Sunday, June 15, 2014

Travelogue: USS MCCANDLESS (FF 1084) Reunion, St. Louis

No posts of mine seem to generate as much appreciation as my travel musings.  I suppose I should be happy to garner any appreciation for these scribblings, but this is supposed to be largely a political blog, so the fact that the more mundane things are more popular than my thoughts aimed at the central character of the blog is troubling.  Be that as it may, one must give the people what they want.

In the Spring of 1987, I graduated (on a Sunday) from UVA.  On Monday, I played golf with my friends, and on Tuesday, I drove from Charlottesville to Norfolk to report for duty to my first ship--the USS MCCANDLESS (FF 1084).  We NROTC types did not get the Naval Academy "basket leave" time off after graduation, so most of my class was doing the same thing, heading off to their first assignments.  Additionally, we got virtually no choice in where we were headed, so a fourteen year old frigate in the time of hot AEGIS Cruisers and Spruance class destroyers was not necessarily the bee's knees.

I wound up serving for three years in MCCANDLESS and made lifelong friends there.  She was a bite-sized ship, perfect for a young man with little or no mechanical skills to cuts his teeth on.  I learned a ton there, made two Med deployments and was held hostage by Fleet Training Group Guantanamo Cuba for twelve weeks of an eight week REFTRA.

So when a group of folks from the ship decided to organize (Facebook) a reunion, I got in touch with some of the seminal figures of our time on that ship and we conspired to join the fun.  That these lame, weak, once great, former friends ultimately dropped out of the event toward the end of the planning did not dampen my desire to attend.

A ship reunion is sort of an odd thing, in that MCCANDLESS was in service for twenty years or so, and so the overwhelming majority of the people in the room were not in fact, enjoying a "reunion" at all.  I served with six or seven of the people in the room of sixty or seventy.  We were however, all bound together by the experience of having served.  There were two "plankowners" there, guys from the crew that built the ship.  There were tales of deployments, of collisions, of groundings (yep, the Mighty Mac had both!).  The guys I served with that showed up were pretty much all of the same kind of Sailor--"Operations Specialists", or OS's.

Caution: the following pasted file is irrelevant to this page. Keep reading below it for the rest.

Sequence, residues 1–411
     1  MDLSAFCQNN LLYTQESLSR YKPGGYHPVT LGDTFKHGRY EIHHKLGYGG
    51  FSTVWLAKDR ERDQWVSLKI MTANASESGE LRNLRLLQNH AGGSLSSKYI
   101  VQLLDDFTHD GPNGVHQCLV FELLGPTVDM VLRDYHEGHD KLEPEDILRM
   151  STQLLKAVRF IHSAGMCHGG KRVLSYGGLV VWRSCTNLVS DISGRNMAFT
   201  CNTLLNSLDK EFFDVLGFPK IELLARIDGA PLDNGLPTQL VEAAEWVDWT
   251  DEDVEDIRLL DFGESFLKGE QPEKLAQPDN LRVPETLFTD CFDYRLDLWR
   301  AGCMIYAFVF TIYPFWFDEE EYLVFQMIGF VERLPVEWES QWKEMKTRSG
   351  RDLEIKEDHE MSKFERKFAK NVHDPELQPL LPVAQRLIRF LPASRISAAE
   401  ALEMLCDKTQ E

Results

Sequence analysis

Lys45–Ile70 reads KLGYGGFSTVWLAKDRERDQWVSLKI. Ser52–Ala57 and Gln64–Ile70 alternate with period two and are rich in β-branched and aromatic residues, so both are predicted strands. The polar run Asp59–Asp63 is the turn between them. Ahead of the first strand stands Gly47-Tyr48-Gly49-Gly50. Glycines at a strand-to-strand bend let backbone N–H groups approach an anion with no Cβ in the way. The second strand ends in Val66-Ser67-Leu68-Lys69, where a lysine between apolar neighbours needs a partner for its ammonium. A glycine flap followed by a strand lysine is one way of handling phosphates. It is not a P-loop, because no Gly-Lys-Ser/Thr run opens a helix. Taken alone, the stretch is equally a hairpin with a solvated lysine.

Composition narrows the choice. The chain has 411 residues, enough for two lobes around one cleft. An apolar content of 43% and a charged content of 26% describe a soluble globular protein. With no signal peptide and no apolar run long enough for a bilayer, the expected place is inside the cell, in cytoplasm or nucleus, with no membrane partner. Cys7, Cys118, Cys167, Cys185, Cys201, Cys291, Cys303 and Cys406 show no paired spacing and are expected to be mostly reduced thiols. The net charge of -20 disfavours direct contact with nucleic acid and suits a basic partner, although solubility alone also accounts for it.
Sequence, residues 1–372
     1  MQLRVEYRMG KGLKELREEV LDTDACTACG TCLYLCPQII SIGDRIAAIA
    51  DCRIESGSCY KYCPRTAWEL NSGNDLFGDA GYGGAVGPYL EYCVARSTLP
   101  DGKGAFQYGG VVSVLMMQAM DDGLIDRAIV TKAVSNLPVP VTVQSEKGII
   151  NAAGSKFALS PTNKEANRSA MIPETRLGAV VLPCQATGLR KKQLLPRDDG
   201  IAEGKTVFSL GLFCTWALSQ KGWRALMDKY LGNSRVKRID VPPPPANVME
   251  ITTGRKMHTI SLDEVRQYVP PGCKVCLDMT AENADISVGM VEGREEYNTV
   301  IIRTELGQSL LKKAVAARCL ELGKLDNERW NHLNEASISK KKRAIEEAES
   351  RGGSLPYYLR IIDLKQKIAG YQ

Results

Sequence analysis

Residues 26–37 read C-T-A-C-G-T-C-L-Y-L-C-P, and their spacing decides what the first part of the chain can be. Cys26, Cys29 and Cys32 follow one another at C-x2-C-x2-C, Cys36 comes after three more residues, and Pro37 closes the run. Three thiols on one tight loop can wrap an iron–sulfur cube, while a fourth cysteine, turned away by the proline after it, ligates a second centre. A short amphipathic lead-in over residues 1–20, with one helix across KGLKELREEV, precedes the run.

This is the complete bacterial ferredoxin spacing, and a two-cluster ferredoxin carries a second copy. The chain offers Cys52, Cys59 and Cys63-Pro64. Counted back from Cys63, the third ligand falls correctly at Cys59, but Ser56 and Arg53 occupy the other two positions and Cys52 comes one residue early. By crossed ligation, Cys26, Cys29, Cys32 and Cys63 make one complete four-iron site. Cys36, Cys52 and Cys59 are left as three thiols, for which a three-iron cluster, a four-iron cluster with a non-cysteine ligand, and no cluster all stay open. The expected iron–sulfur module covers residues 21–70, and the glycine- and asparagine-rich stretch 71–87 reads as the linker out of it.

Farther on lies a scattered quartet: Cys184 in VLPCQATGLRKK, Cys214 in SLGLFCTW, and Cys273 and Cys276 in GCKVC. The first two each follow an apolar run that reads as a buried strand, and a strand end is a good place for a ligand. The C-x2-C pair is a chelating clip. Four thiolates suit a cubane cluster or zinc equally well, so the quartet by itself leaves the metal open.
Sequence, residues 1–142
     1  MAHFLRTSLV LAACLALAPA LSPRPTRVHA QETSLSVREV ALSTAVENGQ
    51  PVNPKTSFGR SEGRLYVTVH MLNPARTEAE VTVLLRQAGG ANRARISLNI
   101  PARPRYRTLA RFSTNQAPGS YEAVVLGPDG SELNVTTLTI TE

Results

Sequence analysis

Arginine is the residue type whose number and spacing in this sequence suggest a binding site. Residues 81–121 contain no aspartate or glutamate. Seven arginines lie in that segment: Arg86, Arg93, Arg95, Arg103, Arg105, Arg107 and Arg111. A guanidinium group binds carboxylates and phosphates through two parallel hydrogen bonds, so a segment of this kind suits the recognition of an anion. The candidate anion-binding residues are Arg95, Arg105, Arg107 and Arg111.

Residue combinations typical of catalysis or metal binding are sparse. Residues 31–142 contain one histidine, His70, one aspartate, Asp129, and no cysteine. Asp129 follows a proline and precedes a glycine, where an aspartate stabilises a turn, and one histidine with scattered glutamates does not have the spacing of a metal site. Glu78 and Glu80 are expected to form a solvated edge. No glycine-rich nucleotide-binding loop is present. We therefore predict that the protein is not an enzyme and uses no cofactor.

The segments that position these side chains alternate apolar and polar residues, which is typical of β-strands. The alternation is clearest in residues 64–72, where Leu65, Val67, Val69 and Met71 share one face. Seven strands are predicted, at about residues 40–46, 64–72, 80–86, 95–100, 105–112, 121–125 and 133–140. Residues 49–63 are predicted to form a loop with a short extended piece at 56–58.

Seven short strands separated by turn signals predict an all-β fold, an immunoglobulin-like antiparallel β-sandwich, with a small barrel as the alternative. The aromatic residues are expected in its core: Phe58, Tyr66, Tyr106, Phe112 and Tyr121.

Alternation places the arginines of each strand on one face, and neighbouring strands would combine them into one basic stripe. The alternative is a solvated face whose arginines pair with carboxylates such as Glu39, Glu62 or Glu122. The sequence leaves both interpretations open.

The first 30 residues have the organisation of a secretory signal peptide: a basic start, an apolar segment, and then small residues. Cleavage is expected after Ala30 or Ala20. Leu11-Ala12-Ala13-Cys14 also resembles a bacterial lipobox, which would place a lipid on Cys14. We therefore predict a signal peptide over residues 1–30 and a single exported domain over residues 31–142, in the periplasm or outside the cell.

I've always liked OS's.  As the ship's Anti-Submarine Warfare Officer, I worked most closely with OS's and Sonar Techs.  Sonar Techs were "my guys", but because of the way a ship hunts subs, I spent more time with the OS's.  Keep in mind, this was the last few years of the Evil Empire, and while the MCCANDLESS was a pretty modestly capable ship, we could do one thing well--hunt Soviet subs.  And these guys were really good at it.

I worked with OS's very closely for the two ships after MCCANDLESS too. These are very bright guys, any one of which could have been doing my job if they had either chosen to do so or had the means to pursue the options I did.  The leader of this bunch--JD McClure--then--was the main impetus in gathering them for this event.

I flew from BWI to STL via Atlanta (yech) and rolled in to the hotel about an hour before things got started. After a quick workout, I headed to the bar, there to be greeted by Gadsen Edward "Ed" Rule, the Supply Officer for most of my tour.  Suppo is a great guy, and he was ultra-competent.  It was great to see him and to hear his uproarious laugh again after a long, long time.  Then I ran into the OS crowd, and had a lively reunion conversation with them.

At dinner, I spent the time with three older officers, guys who served in MCCANDLESS ten years or so before I did.  Really good guys, one of whom went to law school after he left the Navy, practiced law for a while, then went to Med school.  Now he's a professor at Tulane teaching medicine.

It was a serious mix of people, just like a ship's crew.  One guy rode his Harley with his girl across the South to get there, mostly in the rain.   There was an emcee of the event, who spent most of the evening walking around with a microphone interviewing people.  All in all, it was a wonderful event, and it was good to see folks I haven't run into in a long time.  I need to thank my Dad (Happy Father's Day, Dad) for suggesting I attend.  It was a good call.

Now I'm on a flight to Atlanta for onward movement to BWI.  Very early start, and the guy who drove me to the airport thought I had committed a sin against nature that I would spend only one night there and see nothing.  I begged a busy schedule and promised someday to see the sites.  If the St. Louis Chamber of Commerce needs a new Director, I know the guy.

The airport experience in the last two days confirms two suspicions of mine.  One, that Americans are simply not getting any smarter, and two, I am simply not getting any more tolerant.  We've been at this ridiculous bullshit TSA stuff for thirteen years now.  Let's get with it people.  It is not that hard.  Take stuff out of your pockets.  Take your belt off.  Take your shoes off.  Take your computer out.  Take your little baggie of liquids out.  There really ought to be a penalty box for people to have to go sit in who cluelessly hold up the ultra-efficient among us.

I paid a little extra to fly biz class on Air Tran this trip.  Doesn't get you much more than a wider seat and early boarding, but these things matter to me and so here I am.  In flight WiFi is a great boon to the traveling blogger, there 's no doubt about that.

Happy Father's Day to all the Dads reading this.  You make more of a difference than you know.


BigFred said...

For the record, I dropped out of this trip as soon as it was announced.

First Divo you didn't invite said...

Thanks for the heads-up McG...

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